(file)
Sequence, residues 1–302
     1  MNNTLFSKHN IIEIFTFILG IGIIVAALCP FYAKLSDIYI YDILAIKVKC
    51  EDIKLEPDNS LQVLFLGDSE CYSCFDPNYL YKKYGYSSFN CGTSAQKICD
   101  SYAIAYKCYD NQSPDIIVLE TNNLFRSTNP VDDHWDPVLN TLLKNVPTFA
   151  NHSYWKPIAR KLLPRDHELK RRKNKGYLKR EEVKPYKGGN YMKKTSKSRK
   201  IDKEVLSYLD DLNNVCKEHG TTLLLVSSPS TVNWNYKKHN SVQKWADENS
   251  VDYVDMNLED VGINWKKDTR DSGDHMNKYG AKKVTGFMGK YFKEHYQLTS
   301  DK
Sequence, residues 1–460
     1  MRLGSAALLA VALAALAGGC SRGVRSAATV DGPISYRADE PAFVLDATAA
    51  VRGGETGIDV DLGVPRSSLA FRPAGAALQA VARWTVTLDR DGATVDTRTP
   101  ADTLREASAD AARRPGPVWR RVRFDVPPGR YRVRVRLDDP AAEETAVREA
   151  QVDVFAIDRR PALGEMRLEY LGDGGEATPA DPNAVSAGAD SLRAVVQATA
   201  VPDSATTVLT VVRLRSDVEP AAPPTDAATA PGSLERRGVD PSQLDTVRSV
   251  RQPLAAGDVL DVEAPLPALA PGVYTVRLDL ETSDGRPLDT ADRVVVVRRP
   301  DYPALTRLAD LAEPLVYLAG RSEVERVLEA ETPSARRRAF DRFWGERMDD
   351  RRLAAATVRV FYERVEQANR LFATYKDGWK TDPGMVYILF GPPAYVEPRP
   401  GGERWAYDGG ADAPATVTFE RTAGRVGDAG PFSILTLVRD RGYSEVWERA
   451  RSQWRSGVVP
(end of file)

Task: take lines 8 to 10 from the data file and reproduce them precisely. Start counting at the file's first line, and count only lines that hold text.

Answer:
   301  DK
Sequence, residues 1–460
     1  MRLGSAALLA VALAALAGGC SRGVRSAATV DGPISYRADE PAFVLDATAA